This subject has a lot of controversy to it. To make it easier let’s define some terms.
- A vegan– is the person who follows the practice of veganism. From my understanding this means restraining from eating meat and using products that, in their process of being made, harmed any animals. So, this includes, using vegan shampoo, vegan eye cream, vegan clothes and so on.
- A vegetarian– is the person who follows the practice of vegetarianism. Why is this different from veganism? Well, some vegetarian people still eat animal products even if it is not their meat. Some will eat cheese or eggs, some will even have fish. For example a vegetarian will eat honey but a vegan person will say no to it, because it comes from an animal.
- Plant based diet– this is not a practice. This is something that people choose to feel healthier after eating. Some will use it to lose weight and some will use it because of dietary restrictions. At the core of a plant based diet is a vegetarian mindset, but people will still have meat or other animal products if they feel like it.
I decided to find more about how it is to be vegan. So I asked Mark some questions about his life and how he goes about being a vegan.
I met Mark during my time working for Vermaat in one of the Booking.com offices, he is a 40 years old funny guy full of life with a hint of “whatever” in his attitude. .
He moved to Amsterdam in 2017 with his partner. They are living in the suburbs where they have a garden and a dog. Mark says: “I love Indian food (or the western versions of it) and really need to learn to make vegan versions.”
Now, let’s find out more about how it is to be vegan.
1. When did you realise that you want to make a change and what made you change?
“It was the night before a funeral, and I guess I was feeling a bit more emotional than usual. I couldn’t stop thinking about the origins of my food, and eventually couldn’t finish it. I met my partner who joined my journey from vegetarian to vegan.”
2. How was your transition and what would you advise people that want to switch to do to make it easier?
“The UK was already pretty good for vegan food. The Netherlands less so. Since moving here, it’s been a challenge. I think it’s important to do your best and not criticise yourself for mistakes as long as you’re on the right path.”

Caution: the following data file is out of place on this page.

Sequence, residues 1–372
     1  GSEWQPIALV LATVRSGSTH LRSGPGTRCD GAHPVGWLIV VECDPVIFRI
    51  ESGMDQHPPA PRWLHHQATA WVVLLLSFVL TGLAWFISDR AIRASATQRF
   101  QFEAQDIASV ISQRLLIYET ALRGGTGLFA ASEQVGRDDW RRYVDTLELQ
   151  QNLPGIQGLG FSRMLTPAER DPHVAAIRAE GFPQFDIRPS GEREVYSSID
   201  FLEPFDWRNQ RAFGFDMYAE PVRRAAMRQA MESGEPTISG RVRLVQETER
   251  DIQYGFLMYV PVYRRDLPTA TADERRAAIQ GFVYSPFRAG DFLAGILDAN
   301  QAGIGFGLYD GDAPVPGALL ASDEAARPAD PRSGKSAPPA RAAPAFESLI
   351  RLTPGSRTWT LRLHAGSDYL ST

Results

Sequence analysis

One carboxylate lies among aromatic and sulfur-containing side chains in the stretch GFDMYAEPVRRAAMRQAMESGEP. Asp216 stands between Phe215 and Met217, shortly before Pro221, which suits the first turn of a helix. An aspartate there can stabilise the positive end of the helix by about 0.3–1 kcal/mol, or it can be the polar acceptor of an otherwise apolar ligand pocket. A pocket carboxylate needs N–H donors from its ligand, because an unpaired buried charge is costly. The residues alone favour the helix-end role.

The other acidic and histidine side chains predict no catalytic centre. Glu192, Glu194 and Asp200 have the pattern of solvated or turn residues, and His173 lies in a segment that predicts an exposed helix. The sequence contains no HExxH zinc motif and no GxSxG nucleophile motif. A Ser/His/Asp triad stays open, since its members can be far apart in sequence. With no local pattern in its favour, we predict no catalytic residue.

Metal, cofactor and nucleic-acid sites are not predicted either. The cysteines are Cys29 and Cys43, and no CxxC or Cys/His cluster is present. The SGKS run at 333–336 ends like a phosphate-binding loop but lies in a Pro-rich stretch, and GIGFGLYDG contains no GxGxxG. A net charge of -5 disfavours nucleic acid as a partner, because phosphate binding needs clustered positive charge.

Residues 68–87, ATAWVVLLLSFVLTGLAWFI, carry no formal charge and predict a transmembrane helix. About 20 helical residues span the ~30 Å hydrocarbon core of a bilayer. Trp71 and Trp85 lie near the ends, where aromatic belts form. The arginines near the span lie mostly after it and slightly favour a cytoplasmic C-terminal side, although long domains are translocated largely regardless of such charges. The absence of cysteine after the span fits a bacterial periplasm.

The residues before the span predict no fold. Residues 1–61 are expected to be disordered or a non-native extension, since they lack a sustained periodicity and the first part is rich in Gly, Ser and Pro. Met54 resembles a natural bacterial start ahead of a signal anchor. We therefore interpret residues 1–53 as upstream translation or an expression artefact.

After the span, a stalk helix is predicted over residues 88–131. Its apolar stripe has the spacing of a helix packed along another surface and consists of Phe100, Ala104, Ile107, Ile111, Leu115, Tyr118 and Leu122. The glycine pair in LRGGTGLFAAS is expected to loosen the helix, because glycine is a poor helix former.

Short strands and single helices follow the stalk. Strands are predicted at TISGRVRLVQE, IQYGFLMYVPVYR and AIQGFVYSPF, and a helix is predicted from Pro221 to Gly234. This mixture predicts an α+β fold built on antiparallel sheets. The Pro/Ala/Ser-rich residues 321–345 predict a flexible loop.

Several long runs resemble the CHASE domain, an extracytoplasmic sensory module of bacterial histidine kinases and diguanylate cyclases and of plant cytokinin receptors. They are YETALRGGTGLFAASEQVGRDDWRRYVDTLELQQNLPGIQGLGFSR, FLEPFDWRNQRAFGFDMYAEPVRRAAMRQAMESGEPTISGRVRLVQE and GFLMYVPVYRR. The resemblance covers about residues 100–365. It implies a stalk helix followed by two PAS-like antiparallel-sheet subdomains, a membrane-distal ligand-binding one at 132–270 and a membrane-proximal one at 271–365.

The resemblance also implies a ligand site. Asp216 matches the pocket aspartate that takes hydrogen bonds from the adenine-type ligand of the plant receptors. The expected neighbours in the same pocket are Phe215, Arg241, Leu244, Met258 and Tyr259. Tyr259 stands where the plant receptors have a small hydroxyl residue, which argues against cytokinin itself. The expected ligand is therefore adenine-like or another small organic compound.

3. Do you think it’s possible to be vegan on a budget?
“Absolutely. Perhaps pre-prepared meals aren’t as abundant in choice, but if you’re willing to cook, I’m pretty sure vegetables are cheaper by weight.”
4. The most asked question- Where do you get your protein?
“I hear lentils are good, and I love dhal.”
5. Is being vegan referring only to the way you eat?
“I understand veganism is defined as reducing harm to animals, so there’s a lot of scope from clothing to communicating the message.”
6. What is one thing you wish people would know about being vegan?
“It’s about reducing harm and no one is perfect. Also, pushing people aggressively will make them defensive.”
7. Do you think there will ever be a period of time where we see a majority of people going vegan?
“I think we’ll swing back and forth a bit, like politics, but eventually it’ll be accepted as normal.”
8. What is your opinion on lab made “meat”? Would you give that a try?
“I think a lot of vegans will be critical of this, but I grew up with meat and I still see it as an easy source of nutrients. If they can produce meat without the harm, I’m all for it.”
9. Did this affect your dating life?
“It actually improved it. I will date non-vegans, and it gives me something in common to discuss with vegans. I’ve only seen a couple of “carnist only” profiles.”